of the community, are distinguished for a conduct unfavourable to
their interests. Prudence is a more general characteristic of the
people who are without the advantages of fortune, than of the
people who have been thoroughly subject to their corruptive
operation. It may surely be said, that if the powers of Government
must be entrusted to persons incapable of good conduct, they were
better entrusted to incapables who have an interest in good
government, than to incapables who have an interest in bad.

It will be said, that a conclusion ought not to be drawn from the

unthinking conduct of the great majority of an Aristocratical body;
against the capability of such a body for acting wisely in the
management of public affairs; because the body will always contain
a certain proportion of wise men, and the rest will be governed by
them. Nothing but this can be said with pertinency. And, under
certain modifications, this may be said with truth. The wise and
good in any class of men do, to all general purposes, govern the rest.
The comparison, however, must go on. Of that body, whose interests
are identified with those of the community, it may also be said, that
if one portion of them are unthinking, there is another portion wise;


and that, in matters of state, the less wise would be governed by the
more wise, not less certainly than in that body, whose interests, if
they were entrusted with power, could not be identified with those
of the community.

If we compare in each of these two contrasted bodies the two

descriptions of persons, we shall not find that the foolish part of the
Democratical body are more foolish than that of the Aristocratical,
nor the wise part less wise.

Though, according to the opinions which fashion has propagated, it

may appear a little paradoxical, we shall probably find the very

That there is not only as great a proportion of wise men in that part
of the community which is not the Aristocracy, as in that which is;
but that, under the present state of education, and the diffusion of
knowledge, there is a much greater, we presume, there are few
persons who will be disposed to dispute. It is to be observed, that the
class which is universally described as both the most wise and the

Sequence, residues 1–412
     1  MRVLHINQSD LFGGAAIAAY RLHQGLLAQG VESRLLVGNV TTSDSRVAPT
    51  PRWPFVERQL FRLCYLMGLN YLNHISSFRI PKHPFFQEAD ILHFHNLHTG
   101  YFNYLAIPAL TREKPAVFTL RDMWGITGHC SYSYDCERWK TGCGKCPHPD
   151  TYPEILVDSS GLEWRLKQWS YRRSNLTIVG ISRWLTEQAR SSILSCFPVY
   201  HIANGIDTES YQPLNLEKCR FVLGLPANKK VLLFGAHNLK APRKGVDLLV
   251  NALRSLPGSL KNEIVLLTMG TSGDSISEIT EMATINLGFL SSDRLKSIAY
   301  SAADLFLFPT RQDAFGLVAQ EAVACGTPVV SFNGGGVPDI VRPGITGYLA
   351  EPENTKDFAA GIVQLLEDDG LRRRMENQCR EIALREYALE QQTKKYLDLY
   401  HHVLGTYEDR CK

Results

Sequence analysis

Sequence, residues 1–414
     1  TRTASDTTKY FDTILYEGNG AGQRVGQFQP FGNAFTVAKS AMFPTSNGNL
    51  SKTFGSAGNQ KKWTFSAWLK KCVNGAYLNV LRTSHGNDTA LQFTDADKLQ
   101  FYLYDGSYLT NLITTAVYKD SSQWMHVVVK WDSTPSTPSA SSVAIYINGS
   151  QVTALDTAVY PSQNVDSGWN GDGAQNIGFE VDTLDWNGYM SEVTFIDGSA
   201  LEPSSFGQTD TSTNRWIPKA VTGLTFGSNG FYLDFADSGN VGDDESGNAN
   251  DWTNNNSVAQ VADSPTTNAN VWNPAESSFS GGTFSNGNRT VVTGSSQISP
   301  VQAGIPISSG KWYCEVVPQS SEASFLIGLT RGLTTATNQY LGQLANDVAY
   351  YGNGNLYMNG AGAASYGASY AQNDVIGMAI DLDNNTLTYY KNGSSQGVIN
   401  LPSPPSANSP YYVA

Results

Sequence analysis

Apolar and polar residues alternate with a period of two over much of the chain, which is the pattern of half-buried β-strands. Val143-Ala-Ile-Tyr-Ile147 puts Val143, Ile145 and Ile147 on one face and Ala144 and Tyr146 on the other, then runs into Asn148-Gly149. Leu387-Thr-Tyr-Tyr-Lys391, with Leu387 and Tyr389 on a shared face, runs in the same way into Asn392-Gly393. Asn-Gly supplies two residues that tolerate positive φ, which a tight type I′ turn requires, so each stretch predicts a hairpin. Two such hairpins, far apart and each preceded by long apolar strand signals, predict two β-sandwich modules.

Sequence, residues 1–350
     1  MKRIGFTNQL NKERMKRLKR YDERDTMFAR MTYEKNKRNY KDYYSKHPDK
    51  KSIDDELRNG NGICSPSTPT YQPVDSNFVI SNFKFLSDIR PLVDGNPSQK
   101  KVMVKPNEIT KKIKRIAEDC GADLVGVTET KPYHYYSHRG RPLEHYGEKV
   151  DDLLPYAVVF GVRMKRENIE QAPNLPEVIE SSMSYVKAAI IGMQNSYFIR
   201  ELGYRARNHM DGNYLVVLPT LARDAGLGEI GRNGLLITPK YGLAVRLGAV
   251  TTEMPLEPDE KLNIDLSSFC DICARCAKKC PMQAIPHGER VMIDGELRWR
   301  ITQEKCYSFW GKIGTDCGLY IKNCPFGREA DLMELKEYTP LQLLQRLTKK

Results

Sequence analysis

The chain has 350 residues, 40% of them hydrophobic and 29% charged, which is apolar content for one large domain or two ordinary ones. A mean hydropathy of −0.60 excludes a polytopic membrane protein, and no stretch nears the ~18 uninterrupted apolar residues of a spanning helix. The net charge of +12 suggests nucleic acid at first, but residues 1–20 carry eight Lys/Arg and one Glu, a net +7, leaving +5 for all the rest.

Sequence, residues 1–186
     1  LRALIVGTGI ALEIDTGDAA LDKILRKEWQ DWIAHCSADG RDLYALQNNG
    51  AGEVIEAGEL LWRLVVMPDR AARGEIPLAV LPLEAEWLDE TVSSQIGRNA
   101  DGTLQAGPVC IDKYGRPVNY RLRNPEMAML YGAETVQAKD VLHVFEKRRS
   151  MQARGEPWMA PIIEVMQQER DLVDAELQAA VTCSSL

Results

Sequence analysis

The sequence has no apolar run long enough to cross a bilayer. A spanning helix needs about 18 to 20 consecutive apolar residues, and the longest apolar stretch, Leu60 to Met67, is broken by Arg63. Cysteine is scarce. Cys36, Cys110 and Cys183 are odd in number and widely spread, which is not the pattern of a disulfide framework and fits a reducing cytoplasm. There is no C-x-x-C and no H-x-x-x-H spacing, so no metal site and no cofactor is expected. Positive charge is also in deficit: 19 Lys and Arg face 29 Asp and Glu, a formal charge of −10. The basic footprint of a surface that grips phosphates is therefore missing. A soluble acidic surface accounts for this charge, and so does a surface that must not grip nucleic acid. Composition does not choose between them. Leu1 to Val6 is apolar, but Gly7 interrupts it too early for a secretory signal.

most virtuous part of the community, the middle rank, are wholly
included in that part of the community which is not the
Aristocratical. It is also not disputed, that in Great Britain the middle
rank are numerous, and form a large proportion of the whole body
of the people. Another proposition may be stated, with a perfect
confidence of the concurrence of all those men who have attentively
considered the formation of opinions in the great body of society, or,
indeed, the principles of human nature in general. It is, that the
opinions of that class of the people, who are below the middle rank,
are formed, and their minds are directed by that intelligent, that
virtuous rank, who come the most immediately in contact with them,
who are in the constant habit of intimate communication with them,
to whom they fly for advice and assistance in all their numerous
difficulties, upon whom they feel an immediate and daily
dependence, in health and in sickness, in infancy and in old age, to
whom their children look up as models for their imitation, whose
opinions they hear daily repeated, and account it their honour to
adopt. There can be no doubt that the middle rank, which gives to


science, to art, and to legislation itself, their most distinguished

ornaments, and is the chief source of all that has exalted and refined
human nature, is that portion of the community of which, if the basis
of Representation were ever so far extended, the opinion would
ultimately decide. Of the people beneath them, a vast majority
would be sure to be guided by their advice and example.

The incidents which have been urged as exceptions to this general

rule, and even as reasons for rejecting it, may be considered as
contributing to its proof. What signify the irregularities of a mob,
more than half composed, in the greater number of instances, of boys
and women, and disturbing, for a few hours or days, a particular
town? What signifies the occasional turbulence of a manufacturing
district, peculiarly unhappy from a very great deficiency of a middle
rank, as there the population almost wholly consists of rich
manufacturers and poor workmen; with whose minds no pains are
taken by anybody; with whose afflictions there is no virtuous family
of the middle rank to sympathize; whose children have no good
example of such a family to see and to admire; and who are placed in
the highly unfavourable situation of fluctuating between very high
wages in one year, and very low wages in another? It is altogether
futile with regard to the foundation of good government to say that
this or the other portion of the people may, at this, or the other time,
depart from the wisdom of the middle rank. It is enough that the
great majority of the people never cease to be guided by that rank;
and we may, with some confidence, challenge the adversaries of the
people to produce a single instance to the contrary in the history of
the world.

(F. F.)

[* ]A most instructive display of these and similar artifices for the

preservation of mischievous power, after the spirit of the times is felt
to be hostile to it, may be seen in Father Pauls History of the Council
of Trent.